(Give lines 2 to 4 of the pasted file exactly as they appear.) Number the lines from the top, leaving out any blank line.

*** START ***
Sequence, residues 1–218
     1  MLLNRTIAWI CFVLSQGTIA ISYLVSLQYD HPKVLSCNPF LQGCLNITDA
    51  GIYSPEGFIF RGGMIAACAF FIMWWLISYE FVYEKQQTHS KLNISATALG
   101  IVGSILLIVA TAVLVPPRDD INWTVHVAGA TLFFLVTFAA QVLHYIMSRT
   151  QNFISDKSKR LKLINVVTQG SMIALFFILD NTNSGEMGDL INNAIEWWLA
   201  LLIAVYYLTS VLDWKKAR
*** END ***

     1  MLLNRTIAWI CFVLSQGTIA ISYLVSLQYD HPKVLSCNPF LQGCLNITDA
    51  GIYSPEGFIF RGGMIAACAF FIMWWLISYE FVYEKQQTHS KLNISATALG
   101  IVGSILLIVA TAVLVPPRDD INWTVHVAGA TLFFLVTFAA QVLHYIMSRT